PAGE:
(warning: only read if you've seen film)
With equal touches of Kafka, Genet, and Beckett, director Bertrand Tavernier’s brilliant adaptation of Jim Thompson’s 1964 pulp paperback Pop. 1280 takes place in an ethical No Man’s Land. Thompson novels are all harrowing studies in amorality, tales in which we are forced to identify with someone whom circumstances force to do terrible things—a point of view that found perfect fruition in the darkness of American film noir.
Coup de torchon is the story of a saintly madman in a world where the concepts of good and evil have no meaning. The book tells the tale of a corrupt small-town sheriff in the American south of 1910. Tavernier’s change to 1930s
Lucien Cordier (Philippe Noiret) is chief of police in Bourkassa. Despite his position of authority, nobody treats him with respect: not his wife, who openly cheats on him; not the town’s citizens, who haven’t failed to notice that he’s never made an arrest; and certainly not the two pimps who use their monthly payoffs to Lucien as an excuse to humiliate him at every opportunity.
Noiret plays Cordier as a bumbling boob, a Gallic Woody Allen with no pride or values. He is an object of ridicule, and at first we laugh at him along with everyone else. Then he becomes violent and diabolical, covertly engaging in acts so against his nature that no one suspects a thing. Once he starts on his murder spree, our sympathy works against us. As in Taxi Driver, Coup de torchon lets you identify with a lunatic, then compels you to shrink back in horror as you witness the results of his progressively ingenious rationalizations for murder. There has perhaps never been more casual gunplay; Cordier takes lives with a startling lack of drama.
Though thematically similar to film noir, with its steadfast examination of the dark side of man, Coup de torchon is musically and visually the exact opposite. Composer Philippe Sarde, a frequent collaborator of Tavernier’s, provides an evocative, jazzy, cockeyed score; cinematographer Pierre-William Glenn handily captures a bright and airy landscape burnt raw by the relentless, blistering sun.
The frequent use of Steadicam creates a feeling of eavesdropping, as though we have wandered into a series of inevitable events. Everything is relaxed and natural—so completely realistic that the most improbable conduct seems totally believable. The film goes mad just as Cordier does, and you end up alternately condoning and condemning his behavior.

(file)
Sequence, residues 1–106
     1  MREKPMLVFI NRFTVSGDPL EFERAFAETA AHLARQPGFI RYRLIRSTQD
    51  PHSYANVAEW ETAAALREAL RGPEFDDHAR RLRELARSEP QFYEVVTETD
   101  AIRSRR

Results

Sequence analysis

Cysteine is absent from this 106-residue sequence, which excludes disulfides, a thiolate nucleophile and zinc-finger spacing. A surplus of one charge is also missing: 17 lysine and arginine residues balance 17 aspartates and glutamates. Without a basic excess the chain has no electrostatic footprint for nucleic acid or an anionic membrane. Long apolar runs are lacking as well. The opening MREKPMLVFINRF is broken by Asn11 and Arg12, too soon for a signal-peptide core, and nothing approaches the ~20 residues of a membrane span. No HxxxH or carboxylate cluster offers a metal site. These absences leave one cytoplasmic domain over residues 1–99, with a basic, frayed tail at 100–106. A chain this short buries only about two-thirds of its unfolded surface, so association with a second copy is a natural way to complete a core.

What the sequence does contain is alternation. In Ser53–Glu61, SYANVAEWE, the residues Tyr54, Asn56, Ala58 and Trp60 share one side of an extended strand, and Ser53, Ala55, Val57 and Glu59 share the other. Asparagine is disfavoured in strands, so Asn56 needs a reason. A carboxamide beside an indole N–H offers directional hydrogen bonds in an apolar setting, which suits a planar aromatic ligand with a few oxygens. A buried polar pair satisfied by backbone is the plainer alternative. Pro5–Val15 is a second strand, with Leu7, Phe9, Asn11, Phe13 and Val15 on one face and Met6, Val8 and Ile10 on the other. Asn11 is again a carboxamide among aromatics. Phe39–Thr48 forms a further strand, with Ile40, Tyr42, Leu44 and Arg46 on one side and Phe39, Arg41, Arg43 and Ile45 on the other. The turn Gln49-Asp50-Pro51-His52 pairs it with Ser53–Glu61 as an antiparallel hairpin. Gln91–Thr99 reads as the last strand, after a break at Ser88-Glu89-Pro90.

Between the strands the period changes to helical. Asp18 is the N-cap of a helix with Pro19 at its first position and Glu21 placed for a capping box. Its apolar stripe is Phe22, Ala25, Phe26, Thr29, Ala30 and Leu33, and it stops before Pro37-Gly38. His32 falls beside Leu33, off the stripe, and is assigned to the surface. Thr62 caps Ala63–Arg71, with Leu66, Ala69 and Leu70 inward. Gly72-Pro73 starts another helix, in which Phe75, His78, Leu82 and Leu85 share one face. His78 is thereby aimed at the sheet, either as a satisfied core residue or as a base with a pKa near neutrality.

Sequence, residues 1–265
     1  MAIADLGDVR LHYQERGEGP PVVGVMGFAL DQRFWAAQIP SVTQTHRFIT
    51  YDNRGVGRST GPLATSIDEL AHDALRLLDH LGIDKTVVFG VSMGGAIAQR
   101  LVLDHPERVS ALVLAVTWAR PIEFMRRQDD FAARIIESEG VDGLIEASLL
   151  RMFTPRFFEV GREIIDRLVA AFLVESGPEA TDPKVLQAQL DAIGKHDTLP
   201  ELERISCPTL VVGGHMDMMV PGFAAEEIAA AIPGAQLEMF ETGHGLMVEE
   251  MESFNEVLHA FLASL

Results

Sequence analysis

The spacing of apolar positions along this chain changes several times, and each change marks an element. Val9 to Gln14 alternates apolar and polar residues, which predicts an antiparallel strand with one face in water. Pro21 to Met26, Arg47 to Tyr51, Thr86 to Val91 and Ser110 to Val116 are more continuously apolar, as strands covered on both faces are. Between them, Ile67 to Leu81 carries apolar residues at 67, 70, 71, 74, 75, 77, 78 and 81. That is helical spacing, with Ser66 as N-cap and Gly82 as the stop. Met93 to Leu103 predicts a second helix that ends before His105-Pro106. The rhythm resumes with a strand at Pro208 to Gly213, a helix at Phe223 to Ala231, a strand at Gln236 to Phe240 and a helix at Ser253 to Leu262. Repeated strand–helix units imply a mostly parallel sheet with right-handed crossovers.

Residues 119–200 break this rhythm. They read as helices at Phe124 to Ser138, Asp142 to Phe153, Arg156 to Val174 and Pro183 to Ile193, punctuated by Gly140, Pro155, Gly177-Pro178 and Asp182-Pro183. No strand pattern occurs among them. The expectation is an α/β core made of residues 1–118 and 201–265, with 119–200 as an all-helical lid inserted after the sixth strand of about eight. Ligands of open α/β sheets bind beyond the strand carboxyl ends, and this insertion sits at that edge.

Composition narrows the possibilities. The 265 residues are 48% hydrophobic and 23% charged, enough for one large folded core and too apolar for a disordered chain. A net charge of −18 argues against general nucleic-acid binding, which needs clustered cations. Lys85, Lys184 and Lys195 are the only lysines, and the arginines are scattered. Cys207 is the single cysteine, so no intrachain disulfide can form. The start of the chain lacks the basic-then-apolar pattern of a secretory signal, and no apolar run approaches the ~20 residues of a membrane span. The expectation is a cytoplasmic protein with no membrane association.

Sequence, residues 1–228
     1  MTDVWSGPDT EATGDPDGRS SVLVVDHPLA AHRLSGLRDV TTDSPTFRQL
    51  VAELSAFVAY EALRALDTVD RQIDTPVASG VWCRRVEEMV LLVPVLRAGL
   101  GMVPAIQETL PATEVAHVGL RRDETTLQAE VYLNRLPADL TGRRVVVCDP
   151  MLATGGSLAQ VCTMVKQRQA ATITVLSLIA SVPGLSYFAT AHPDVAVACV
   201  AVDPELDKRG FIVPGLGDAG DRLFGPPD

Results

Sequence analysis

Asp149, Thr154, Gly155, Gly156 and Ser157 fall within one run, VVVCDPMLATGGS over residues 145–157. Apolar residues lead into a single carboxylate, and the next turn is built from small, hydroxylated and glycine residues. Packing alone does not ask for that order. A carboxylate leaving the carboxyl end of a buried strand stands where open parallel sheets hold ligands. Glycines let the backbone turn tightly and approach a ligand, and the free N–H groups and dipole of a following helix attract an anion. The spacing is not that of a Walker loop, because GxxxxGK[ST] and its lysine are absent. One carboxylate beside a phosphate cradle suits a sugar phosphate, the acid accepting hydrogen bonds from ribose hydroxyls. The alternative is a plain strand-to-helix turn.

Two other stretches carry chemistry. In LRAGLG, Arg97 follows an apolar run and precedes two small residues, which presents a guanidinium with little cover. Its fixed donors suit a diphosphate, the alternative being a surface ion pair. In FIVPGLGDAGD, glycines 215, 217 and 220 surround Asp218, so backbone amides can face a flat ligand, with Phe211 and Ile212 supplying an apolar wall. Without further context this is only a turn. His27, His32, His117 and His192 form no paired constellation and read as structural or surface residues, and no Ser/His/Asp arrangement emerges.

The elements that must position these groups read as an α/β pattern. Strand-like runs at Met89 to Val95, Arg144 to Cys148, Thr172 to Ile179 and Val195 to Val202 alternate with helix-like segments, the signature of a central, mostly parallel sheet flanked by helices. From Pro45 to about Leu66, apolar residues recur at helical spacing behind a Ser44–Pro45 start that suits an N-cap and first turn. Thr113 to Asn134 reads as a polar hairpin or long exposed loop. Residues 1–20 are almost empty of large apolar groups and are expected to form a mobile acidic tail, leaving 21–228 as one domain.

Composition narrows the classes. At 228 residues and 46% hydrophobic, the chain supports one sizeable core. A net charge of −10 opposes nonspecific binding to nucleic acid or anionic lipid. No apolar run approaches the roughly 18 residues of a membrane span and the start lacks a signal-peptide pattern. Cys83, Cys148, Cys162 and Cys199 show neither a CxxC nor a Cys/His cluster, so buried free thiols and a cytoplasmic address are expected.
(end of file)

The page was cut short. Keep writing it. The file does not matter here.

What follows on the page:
According to Tavernier, the cinematography is deliberately unworldly. “I’m more and more attracted to camera movements that are not functional and that have no strategic or explanatory purpose,” he explains. “I want them to be not parallel to the action, but either ahead or behind it. They should always aim to integrate a character with the decor, not just to follow the hero. I like a camera that lingers, explores, discovers. All the French films of the time were composed around the principle of symmetry, with the hero in the center. With the Steadicam, I created an image that had no center, that kept shifting. It’s different from a hand-held camera, reportage-style: we don’t give the impression of cinéma vérité. Instead, it has an imperceptible, disquieting effect. It’s the physical equivalent of earth that isn’t solid.”
From almost any perspective, Coup de torchon is a foreign film, so unique in every aspect that there’s no way to be prepared for it. It’s a mordantly funny script, full of odd touches (like a blind white man who says “out of my sight” to a bunch of black kids), but eventually you swallow every laugh—appropriate for a film about the disintegration of values. Even the credits contain what could be either a mistake or joke. At the opening, we are correctly informed that the film is based on Pop. 1280; but during the end titles, we are incorrectly informed that it’s based on Pop. 1275. Is this a typo, or a not-so-subtle reference to the fact that five white people are killed in the course of the film?
At the start, Cordier sees some black children playing and builds them a fire when an eclipse blots out the sun. But at the end, he watches the same scene and considers shooting them. It’s an oblique attack on the morality of power that reaches no firm conclusions. Luckily, these cryptic qualities are not an obstacle to enjoyment, but only add to the mystery.
According to David Ansen in Newsweek, “Ambiguity is Tavernier’s subject and his style: You may scratch your head at times, wondering . . . exactly what the point of this dark fable is, but you will just as likely be seduced by its macabre humor.”
It might seem impossible to make a humorous movie that seriously embraces nihilism. But in the hands of a master like Tavernier, even ambiguity can be entertaining.